In the MKDE, records are stored in files which are roughly equivalent to the tables of a relational database engine. It supports multiple keys on a record and therefore multiple indexes in the file. The MKDE caches data in memory to facilitate performance. When a call is made to the MKDE, cached data is searched first; physical storage is searched if there is no cache of the data. Configuration settings for caches can be pre-configured by ISVs to optimize Pervasive PSQL performance for their applications.
Relational Database Engine
The second database engine, the SQL Relational Database Engine or SRDE, operates in a manner similar to other relational database engines, that is, through the support of Structured Query Language queries. SRDE parses SQL queries and sends them to the MKDE to run.
The SRDE implements SQL-92. Significant other features include relational integrity, database security, and temporary tables. SRDE extends its functionality by supporting stored procedures, user-defined functions, and triggers.
Pervasive PSQL provides the following additional features:
- Multi-core processor aware
- IPv4 and IPv6 support
- Row-level locking
- Record and page compression
- Over-the-wire encryption and data encryption
- Cluster environments compatibility
- I18N support, code page (including UTF-8) translation between data files and SQL clients, Unicode support in Btrieve API, Japanese localization
- Data backup agents or enablers with Pervasive Backup Agent and Pervasive PSQL VSS Writer
- Data auditing with Pervasive AuditMaster
- Data replication with Pervasive DataExchange
Pervasive Software provides the management interfaces Distributed Tuning Interface (DTI) and Distributed Tuning Objects (DTO), a Component Object Model (COM) adapter pattern (wrapper) for the DTI. These provide application programming interfaces for configuration, monitoring, and diagnostics of Pervasive components. COBOL can also provide component management through a COBOL connector that can talk to DTI.
All other interfaces exist for data manipulation purposes.
- Btrieve, Java Class Library (JCL), COBOL, and ActiveX provides direct access to the MicroKernel Database Engine (MKDE).
- ADO.NET; ODBC v3.51 and JDBC 2 for Core, Level 1, and Level 2; and OLE DB provide access to the SQL Relational Database Engine (SRDE).
- Pervasive Direct Access Components (PDAC) are a set of Visual Component Library (VCL) components that enable direct access to both MKDE and SRDE for Embarcadero Delphi and C++ Builder environments.
Pervasive Control Center (PCC) is the main utility that enables the user to create and manipulate databases and tables, to access servers and clients, to set configuration, properties, and to edit data. Through PCC, the user can access a series of other utilities:
- License Administrator utility handles license management activities.
- Notification Viewer utility displays licensing-related messages logged by the PSQL engine.
- Monitor utility checks and displays activities and attributes of both engines, including resource usage, session information, and communication statistics.
- Pervasive System Analyzer utility tests the connections between the engines and within the network and displays information about system components.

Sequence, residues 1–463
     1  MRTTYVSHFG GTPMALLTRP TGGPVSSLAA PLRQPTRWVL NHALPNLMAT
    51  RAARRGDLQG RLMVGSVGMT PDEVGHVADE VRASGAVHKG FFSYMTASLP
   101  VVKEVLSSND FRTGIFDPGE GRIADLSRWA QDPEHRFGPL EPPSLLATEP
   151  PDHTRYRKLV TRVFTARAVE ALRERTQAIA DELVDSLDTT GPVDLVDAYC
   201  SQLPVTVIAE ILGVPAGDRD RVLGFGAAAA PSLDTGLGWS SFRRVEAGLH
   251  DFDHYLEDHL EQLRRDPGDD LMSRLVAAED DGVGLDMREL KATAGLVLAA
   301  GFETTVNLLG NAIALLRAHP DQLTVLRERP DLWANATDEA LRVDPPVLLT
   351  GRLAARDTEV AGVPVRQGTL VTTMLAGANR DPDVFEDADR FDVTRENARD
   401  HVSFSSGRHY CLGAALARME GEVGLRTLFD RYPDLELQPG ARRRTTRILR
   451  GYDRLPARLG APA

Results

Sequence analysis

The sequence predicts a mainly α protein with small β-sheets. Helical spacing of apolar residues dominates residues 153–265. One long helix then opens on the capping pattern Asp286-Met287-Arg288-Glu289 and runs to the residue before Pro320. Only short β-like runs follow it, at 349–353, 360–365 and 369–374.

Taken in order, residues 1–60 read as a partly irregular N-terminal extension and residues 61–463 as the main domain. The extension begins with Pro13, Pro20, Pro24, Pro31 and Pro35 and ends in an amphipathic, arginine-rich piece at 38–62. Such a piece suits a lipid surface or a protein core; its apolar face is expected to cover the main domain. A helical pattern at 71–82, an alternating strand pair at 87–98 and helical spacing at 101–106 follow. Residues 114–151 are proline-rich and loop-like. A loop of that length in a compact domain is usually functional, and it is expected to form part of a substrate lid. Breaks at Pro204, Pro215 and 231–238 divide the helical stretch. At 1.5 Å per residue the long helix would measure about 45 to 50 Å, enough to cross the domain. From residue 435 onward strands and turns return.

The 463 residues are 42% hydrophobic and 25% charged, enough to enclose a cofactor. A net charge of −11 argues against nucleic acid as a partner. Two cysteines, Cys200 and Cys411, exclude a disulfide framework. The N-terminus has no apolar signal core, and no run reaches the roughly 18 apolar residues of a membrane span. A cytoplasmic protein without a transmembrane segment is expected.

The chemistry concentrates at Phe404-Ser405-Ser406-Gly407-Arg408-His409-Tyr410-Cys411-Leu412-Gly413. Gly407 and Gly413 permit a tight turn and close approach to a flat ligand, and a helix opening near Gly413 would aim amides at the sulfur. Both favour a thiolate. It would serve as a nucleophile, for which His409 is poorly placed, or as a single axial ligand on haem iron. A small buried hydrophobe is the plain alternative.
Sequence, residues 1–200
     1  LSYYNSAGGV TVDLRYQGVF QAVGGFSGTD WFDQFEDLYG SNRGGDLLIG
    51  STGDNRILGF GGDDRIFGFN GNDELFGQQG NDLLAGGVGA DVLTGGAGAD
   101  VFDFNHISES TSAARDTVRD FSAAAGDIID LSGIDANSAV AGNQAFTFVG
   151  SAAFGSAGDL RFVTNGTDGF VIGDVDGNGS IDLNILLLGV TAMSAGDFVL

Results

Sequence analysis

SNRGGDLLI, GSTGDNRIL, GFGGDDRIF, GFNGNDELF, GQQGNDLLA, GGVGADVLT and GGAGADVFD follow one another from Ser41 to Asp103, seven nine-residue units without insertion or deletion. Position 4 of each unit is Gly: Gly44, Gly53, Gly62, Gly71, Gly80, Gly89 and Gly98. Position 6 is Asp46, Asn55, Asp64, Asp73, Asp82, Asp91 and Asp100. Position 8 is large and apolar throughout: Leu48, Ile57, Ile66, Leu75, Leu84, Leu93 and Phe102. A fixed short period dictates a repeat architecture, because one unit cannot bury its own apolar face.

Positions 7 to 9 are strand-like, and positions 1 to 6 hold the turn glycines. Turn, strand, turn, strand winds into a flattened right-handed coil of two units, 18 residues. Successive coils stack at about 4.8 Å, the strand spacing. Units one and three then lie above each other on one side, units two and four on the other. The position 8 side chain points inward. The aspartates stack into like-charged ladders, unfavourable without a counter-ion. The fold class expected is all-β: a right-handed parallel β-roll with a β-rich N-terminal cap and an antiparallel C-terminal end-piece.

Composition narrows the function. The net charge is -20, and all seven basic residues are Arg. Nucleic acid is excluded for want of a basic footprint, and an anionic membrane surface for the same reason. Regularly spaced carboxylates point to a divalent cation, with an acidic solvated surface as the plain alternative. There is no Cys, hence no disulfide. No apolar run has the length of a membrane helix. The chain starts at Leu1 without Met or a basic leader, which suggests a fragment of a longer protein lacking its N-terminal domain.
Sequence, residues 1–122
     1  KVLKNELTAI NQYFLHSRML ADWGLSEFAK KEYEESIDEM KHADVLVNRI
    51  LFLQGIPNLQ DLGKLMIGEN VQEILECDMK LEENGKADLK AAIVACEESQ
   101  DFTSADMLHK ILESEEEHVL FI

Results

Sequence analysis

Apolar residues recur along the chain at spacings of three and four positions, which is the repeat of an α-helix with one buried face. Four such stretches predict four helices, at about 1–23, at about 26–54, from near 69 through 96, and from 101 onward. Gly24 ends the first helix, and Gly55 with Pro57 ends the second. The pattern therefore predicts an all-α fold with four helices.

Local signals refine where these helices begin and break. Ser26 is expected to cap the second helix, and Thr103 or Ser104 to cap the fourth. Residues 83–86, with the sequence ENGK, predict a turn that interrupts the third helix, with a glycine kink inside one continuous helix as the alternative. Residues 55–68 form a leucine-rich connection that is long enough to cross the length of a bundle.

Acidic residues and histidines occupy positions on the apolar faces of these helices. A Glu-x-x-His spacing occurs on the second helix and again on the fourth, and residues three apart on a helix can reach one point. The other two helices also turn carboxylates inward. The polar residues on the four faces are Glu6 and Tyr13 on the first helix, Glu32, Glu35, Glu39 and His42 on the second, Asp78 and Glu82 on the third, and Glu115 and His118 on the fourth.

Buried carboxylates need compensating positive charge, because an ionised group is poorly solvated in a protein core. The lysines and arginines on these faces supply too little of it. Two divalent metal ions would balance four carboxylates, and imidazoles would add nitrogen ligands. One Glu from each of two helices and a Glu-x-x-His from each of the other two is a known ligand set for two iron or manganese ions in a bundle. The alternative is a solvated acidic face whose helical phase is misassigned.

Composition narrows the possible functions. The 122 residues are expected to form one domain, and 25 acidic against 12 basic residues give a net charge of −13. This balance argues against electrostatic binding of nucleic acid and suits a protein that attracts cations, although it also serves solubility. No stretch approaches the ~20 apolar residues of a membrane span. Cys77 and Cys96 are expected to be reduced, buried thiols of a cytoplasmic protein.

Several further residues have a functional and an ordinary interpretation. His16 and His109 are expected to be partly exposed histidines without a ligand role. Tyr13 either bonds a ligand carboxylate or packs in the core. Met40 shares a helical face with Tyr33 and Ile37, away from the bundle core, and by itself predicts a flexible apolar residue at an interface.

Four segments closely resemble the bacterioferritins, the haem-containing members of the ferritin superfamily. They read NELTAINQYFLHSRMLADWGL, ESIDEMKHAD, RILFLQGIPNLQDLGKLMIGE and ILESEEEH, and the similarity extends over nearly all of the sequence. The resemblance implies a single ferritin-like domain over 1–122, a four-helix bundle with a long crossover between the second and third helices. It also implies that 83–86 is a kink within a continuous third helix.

- Maintenance utility enables users to create and edit schema-less files.
- Rebuild utility enables users to convert file formats and rebuild files in its MKDE file format.
- DDF (data definition file) Builder utility enables SQL users to create and modify table schemas for data stored in the MKDE, thus providing relational access to the data.
- Query Plan Viewer enables SQL users to analyze query plans for optimization.
- Function Executor assists developers with development, testing, and debugging by simulating direct API operations into MKDE and providing a view into the schema-less data.
See Btrieve, beginning with Pervasive.SQL 7.
Editions and licensing
There are four editions of PSQL: Pervasive PSQL Client, Pervasive PSQL Workgroup, Pervasive PSQL Server, and Pervasive PSQL Vx Server.
- Pervasive PSQL Client is designed for use with Pervasive PSQL Server and Pervasive PSQL Vx Server in a client-server network.
- Pervasive PSQL Workgroup edition is intended for single-user or small workgroup, peer-to-peer, installations.
- Pervasive PSQL Server edition is intended for configurations that have at minimum ten concurrent connections and it is scalable up to thousands of concurrent network users in client-server network and web-based applications on the enterprise level.
- PSQL Vx Server runs under hypervisors in a VM environment. It is designed for customers “who need support for highly virtualized environments enabling live migration, fault tolerance, high availability and cloud computing.”
- In user-count licensing, each product key specifies a licensed user. At any given moment, that many users can be connected to the engine.
- Capacity-based licensing is based on the amount of processing performed by the database engine. It measures data in use and sessions in use. This license model is designed to facilitate Cloud computing and highly virtualized environments.
Both PSQL Server and PSQL Workgroup use a user-count licensing model, while PSQL Vx Server uses capacity-based licensing.
- Pervasive PSQL lacks some of the data warehousing, data mining, and reporting services built into database engines such as MySQL and Microsoft SQL Server.
- Pervasive PSQL lacks Unicode support in the RDBMS layer.
- Pervasive PSQL lacks the ability to perform distributed transactions.